Here's a good one for our friends across the pond: if you've been thinking about picking up a Nexus 5 but didn't want to shell out £339 in the Play Store, Clove has you covered. For a limited time (till stock runs out, I assume by the wording), you can score the 32GB N5 for £280 (including VAT), which is a pretty significant savings over Google's store.
The Moto X is one of the best phones you can get right now. What makes it even better is that it's pretty affordable as it stands – a customized 16GB model is $400. 32GB is $450. Damn good pricing. But until the end of today (at midnight), you can get damn gooder pricing. That's right. Gooder.
With the coupon code AFFMTX, Moto is knocking fifty bones off of the 16GB model and seventy-five off of the 32GB model, making them $350 and $375 respectively.
We knew it was coming, but that doesn't make it any less weird to me. Samsung is now rolling out an update to the original Galaxy Gear that effectively removes Android, replacing it with the company's self-built mobile OS, Tizen (which is what the Gear 2, Gear 2 Neo, and Gear Fit are all running). This immediately raises one question in my mind: since "Galaxy" is Samsung's branding for Android devices, will it just be called "Gear" moving forward?
The number of Bluetooth speakers I've looked at in the past year (give or take) is vast. As a result, I feel like I have a good understanding of what's available on the market, as well as what offers the most bang for the buck. As time has gone on, I've started holding each new speaker to a higher level, because the competition is just too stiff not to. Manufacturers absolutely have to one up the other guys if they want to stand out in this saturated market.
Smartphones are probably some of the most personal devices on the planet. They hold our contacts. Our family photos. Our, um, personal photos. Text messages. Private conversations. Many of a person's secrets could probably be uncovered with a little exploration of their smartphone. So, what's the best way to keep things safe on your smartphone? With a little security, of course.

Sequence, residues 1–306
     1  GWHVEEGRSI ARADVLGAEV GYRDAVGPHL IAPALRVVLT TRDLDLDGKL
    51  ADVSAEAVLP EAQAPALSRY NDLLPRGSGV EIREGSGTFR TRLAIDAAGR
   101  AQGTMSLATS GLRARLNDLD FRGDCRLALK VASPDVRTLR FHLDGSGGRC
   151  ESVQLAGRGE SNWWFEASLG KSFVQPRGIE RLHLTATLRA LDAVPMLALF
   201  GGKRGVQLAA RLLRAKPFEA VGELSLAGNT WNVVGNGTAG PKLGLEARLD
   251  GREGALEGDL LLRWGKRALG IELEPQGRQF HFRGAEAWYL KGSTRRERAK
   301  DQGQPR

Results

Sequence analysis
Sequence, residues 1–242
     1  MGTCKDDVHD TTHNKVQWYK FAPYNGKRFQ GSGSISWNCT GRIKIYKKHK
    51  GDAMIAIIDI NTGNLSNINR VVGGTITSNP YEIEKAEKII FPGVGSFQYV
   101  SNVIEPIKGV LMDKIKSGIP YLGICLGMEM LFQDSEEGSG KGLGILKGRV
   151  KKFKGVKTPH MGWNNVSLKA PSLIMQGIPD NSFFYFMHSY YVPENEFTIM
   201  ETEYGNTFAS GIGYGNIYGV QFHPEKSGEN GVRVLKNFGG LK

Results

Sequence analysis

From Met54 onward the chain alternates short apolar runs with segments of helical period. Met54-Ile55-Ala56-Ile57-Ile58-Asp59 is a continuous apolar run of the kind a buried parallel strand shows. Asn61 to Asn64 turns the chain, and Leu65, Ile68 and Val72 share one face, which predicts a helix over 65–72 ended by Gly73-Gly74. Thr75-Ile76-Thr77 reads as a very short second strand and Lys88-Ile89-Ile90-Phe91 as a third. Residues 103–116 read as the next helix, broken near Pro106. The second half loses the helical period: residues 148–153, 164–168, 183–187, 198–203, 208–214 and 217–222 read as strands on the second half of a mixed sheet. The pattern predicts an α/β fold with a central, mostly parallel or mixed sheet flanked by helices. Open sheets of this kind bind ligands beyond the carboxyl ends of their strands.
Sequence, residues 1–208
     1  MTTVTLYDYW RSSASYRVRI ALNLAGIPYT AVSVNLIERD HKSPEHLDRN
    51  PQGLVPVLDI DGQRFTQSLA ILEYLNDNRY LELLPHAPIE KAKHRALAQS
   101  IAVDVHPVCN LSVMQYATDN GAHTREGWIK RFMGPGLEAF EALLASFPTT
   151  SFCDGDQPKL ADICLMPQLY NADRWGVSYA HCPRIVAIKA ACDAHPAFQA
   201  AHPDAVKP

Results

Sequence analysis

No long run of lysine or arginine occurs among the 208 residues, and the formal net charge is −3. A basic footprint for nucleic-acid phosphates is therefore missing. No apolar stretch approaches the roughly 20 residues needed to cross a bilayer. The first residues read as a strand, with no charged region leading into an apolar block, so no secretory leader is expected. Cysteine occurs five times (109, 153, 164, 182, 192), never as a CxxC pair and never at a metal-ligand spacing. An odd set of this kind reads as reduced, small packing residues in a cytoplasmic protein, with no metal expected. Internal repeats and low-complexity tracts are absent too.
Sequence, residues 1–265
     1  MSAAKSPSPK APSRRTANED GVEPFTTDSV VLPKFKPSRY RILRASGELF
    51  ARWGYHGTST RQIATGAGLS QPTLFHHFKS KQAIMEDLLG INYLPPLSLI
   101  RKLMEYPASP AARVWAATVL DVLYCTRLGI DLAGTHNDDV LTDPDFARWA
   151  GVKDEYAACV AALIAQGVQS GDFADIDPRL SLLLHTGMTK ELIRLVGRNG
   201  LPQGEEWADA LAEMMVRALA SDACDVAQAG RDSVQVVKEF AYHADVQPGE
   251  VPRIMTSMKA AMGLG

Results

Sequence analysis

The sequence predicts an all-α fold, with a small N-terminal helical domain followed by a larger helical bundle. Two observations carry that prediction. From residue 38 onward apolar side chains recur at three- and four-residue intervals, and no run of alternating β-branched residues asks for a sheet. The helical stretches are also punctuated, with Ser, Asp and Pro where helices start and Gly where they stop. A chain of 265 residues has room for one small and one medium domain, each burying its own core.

Android offers a few of its own solutions to keeping your private data private, like a customizable unlock pattern, password, or PIN code on the lockscreen.
I've long dreamed of the day when I can get in the car and go places without having to actually pay attention to my driving (or other drivers around me). To be able to use my laptop, phone, or tablet; watch a movie, read a book, or any of the other things I'd rather be doing instead of driving would be fantastic – and make long road trips much more bearable.
If you like cars that go way too fast beside (or at least near) each other, there's a good chance you're into some form of auto racing. While that in itself can be a pretty expensive hobby, you can supplement your desire to drive way too fast with games on your smartphone. Yes, I know it's not the same thing, I'm just trying to save you a few hundred thousand dollars, OK?
You guys like streaming Netflix, YouTube, Hulu, and lots of others to your TV, right? Of course you do, because bigger is better when it comes to watching movies, videos, or TV. It's a scientific fact.
Today, users in both Australia and Japan are finally able to get that satisfied feeling of hitting the "Connect to Chromecast" button, as Google's nifty little streaming gadget is now available in both countries.
Since the launch of the Moto X, there have been two available storage options: 16GB and 32GB. For some users, 32GB just isn't enough without an SD card slot (seriously though, what are you guys doing with your phones?). Fortunately, it looks like Moto may be gearing up to launch a 64GB variant of the X, which looks to be available with a $100 price bump over the 16GB version.